- Belko Experiment, The
- Finding Fatimah
- Free Fire
- Their Finest
- Fast & Furious 8
- Hatton Garden Job, The
- Boss Baby, The (3D)
- Autopsy of Jane Doe, The
- Lost City of Z, The
- City of Tiny Lights
- Quiet Passion, A
- Void, The
- Man Down
- Ghost in the Shell (3D)
- Zip & Zap and the Marble Gang
- Don't Knock Twice
Bullet to the Head
Stars: Sylvester Stallone, Sung Kang, Sarah Shahi, Adewale Akinnuoye-Agbaje, Jason Momoa, Christian Slater, Jon Seda, Holt McCallany, Brian van Holt, Weronika Rosati, Dane Rhodes, Marcus Lyle Brown, Andrew Austin-Peterson, Paul Etheredge, Robert Cavan Carruth, Louis Michot, Andre Michot
Director: Walter Hill
Sylvester Stallone, his face resembling a bronzed walnut with a perpetual and rather scary sneer, is well cast as a hitman who proves his role by shooting crooked former policeman Holt McCallany but loses his sidekick Jon Seda who is killed by one-time mercenary Jason Momoa. After which the plot – a buddy movie with added gore and gristle – kicks in when New Orleans police detective Sung Kang comes after Stallone only to have the hitman save him from more corrupt cops. And so the two join forces team up to advance the story which expends so many bullets that the United Nations might have investigated had it not been a fiction film…
Subtlety is not necessarily a component of rather too many graphic novels. That certainly seems the case here. Simplicity, lashings of action and characters largely defined by the people playing them are the key components of screenwriter Alessandro Camon’s hardly subtle adaptation of Alex Nolent’s graphic novel.
71-year-old director Walter Hill, behind the cameras after a decade-long hiatus, simply gets on with telling a fast, furious but largely undistinguished story that is unlikely to remain in your memory for long. Possibly the most lethal shot in the film is the bullet that shatters Hill’s cult status – unless anonymously efficient but otherwise undistinguished direction is proof that a filmmaker is a genuine auteur.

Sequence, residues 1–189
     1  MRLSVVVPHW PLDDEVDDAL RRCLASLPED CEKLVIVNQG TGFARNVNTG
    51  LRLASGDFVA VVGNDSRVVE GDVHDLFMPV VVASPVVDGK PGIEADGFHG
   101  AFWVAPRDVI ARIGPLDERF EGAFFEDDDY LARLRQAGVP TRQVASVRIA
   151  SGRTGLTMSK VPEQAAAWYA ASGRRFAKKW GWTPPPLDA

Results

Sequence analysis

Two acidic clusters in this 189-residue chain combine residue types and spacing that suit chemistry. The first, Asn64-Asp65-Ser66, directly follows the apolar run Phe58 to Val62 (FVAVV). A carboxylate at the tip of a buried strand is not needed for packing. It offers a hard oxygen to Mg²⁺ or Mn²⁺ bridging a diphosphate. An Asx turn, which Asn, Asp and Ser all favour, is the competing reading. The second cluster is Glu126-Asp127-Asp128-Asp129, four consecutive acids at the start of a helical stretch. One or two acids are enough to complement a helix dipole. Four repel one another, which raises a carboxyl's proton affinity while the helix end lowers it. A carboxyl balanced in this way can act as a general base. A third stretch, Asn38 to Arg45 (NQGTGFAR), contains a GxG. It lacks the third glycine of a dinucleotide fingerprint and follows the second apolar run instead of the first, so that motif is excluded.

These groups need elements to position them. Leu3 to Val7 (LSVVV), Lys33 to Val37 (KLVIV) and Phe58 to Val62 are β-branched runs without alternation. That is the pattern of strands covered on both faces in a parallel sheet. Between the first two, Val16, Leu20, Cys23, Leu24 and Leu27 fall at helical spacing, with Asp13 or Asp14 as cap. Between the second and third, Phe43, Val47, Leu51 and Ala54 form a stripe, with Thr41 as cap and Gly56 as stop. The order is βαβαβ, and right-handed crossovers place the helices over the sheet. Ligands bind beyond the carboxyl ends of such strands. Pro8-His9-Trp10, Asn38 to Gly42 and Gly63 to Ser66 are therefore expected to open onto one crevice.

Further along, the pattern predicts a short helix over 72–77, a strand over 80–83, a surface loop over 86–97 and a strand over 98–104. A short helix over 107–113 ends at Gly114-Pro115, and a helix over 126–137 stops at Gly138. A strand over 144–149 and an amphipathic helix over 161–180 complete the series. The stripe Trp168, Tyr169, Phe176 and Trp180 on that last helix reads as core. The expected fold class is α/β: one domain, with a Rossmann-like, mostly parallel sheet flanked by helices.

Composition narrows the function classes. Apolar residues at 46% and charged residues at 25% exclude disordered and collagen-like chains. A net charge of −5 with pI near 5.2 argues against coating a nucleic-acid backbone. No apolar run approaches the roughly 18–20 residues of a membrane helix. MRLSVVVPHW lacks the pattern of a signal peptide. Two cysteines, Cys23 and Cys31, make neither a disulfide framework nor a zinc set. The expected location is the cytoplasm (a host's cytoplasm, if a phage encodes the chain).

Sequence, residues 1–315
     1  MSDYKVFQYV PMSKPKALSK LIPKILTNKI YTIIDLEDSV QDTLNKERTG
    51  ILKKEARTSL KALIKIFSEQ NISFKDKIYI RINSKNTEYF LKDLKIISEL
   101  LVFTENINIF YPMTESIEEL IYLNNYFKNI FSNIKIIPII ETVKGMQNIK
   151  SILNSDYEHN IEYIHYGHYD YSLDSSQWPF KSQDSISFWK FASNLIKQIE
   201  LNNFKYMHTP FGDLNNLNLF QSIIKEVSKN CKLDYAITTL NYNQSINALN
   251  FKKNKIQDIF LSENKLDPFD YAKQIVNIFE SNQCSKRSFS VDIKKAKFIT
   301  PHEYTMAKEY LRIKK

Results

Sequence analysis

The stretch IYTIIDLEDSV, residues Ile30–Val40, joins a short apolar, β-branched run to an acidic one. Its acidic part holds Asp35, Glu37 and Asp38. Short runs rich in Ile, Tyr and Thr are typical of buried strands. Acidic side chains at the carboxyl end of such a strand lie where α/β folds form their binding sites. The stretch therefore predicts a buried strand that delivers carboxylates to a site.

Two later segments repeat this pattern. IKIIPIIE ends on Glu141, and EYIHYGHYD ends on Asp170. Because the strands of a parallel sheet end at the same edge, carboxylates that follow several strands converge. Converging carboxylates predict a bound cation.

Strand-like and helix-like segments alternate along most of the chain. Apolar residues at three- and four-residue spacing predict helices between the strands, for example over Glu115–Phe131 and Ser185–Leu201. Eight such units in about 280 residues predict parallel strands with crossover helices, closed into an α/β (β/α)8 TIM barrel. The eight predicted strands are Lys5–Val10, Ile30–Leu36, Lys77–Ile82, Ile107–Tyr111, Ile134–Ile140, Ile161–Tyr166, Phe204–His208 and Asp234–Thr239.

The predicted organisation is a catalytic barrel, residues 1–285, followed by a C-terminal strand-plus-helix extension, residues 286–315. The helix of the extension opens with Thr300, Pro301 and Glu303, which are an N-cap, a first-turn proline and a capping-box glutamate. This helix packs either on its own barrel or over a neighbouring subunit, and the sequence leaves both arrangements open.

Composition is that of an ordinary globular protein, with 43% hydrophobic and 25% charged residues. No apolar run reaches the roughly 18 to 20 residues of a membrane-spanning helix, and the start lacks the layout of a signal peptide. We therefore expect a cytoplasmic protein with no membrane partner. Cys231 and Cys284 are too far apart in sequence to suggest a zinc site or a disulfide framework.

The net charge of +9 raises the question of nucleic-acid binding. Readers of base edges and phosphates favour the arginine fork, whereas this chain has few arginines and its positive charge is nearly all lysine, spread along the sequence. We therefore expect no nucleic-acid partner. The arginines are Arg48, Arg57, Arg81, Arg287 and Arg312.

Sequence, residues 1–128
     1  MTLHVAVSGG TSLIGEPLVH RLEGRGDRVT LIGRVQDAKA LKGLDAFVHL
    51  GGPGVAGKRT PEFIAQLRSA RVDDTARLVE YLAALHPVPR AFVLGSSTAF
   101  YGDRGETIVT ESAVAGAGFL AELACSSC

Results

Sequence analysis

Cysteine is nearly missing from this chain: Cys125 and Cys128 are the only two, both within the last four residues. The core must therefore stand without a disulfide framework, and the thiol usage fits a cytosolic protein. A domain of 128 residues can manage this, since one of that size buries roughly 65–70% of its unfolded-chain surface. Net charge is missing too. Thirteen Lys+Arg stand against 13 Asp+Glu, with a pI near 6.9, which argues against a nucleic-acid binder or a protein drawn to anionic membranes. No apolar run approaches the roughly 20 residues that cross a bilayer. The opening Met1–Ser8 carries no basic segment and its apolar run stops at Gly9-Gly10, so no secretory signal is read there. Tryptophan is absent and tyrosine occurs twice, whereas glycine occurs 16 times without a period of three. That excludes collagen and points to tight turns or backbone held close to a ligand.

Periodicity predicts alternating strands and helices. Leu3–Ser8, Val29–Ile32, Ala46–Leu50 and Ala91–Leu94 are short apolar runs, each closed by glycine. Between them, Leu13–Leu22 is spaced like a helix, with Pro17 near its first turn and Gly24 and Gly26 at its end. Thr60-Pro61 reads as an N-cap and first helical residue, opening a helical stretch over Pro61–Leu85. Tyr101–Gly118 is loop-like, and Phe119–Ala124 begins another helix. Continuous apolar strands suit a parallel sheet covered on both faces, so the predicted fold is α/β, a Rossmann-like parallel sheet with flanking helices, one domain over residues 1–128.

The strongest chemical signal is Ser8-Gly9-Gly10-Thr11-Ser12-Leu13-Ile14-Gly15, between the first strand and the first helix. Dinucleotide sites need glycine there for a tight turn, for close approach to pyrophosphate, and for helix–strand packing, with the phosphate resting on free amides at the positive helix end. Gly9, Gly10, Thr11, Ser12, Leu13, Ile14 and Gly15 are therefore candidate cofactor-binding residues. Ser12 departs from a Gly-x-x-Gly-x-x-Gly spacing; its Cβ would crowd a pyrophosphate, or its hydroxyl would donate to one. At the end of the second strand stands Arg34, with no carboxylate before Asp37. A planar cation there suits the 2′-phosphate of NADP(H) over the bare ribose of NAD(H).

Fortunately for Hill, Stallone brings solid star quality to the film. While it may not be National Theatre-style ‘Acting’ with a capital ‘A’, Stallone has genuine star quality and knows how to inhabit a cardboard role and make it seem flesh on screen. He delivers some mildly amusing dialogue with more force than it deserves and easily holds centre screen, almost leaving Kang in the position of Robin to his Batman. Christian Slater turns up briefly which is fine for him and doesn’t affect the film’s headlong pace. And Sarah Shahi provides passing glamour, playing the former medical student-turned-tattoo artist Stallone gets to stitch up Kang after he is wounded in one of the frequent shootouts.
Moodily shot (cinematographer Lloyd Ahern II) New Orleans locations add atmosphere. If you’re looking for a goulash of gunplay and gore decorated with Stallone-style star power and ignore the clichés, Bullet to the Head makes for painless, if (mostly) forgettable action entertainment.
USA 2012. UK Distributor: Entertainment One. Colour.
91 minutes. Not widescreen. UK certificate: 15.
Guidance ratings (out of 3): Sex/nudity 0, Violence/Horror 2, Drugs 0, Swearing 2.
Review date: 31 Jan 2013